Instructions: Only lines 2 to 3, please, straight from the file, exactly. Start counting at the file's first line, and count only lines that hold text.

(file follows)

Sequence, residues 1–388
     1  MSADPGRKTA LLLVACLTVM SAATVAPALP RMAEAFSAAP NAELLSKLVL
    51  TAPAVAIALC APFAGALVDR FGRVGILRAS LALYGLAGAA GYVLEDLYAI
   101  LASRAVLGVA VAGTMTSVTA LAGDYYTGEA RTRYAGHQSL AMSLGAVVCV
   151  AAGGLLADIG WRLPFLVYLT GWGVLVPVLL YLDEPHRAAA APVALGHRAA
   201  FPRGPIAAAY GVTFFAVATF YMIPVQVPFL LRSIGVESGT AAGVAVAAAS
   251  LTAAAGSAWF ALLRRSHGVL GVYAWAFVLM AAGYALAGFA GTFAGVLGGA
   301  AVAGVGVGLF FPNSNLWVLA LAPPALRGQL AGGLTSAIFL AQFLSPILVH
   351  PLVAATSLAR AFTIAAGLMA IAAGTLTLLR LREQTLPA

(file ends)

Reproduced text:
     1  MSADPGRKTA LLLVACLTVM SAATVAPALP RMAEAFSAAP NAELLSKLVL
    51  TAPAVAIALC APFAGALVDR FGRVGILRAS LALYGLAGAA GYVLEDLYAI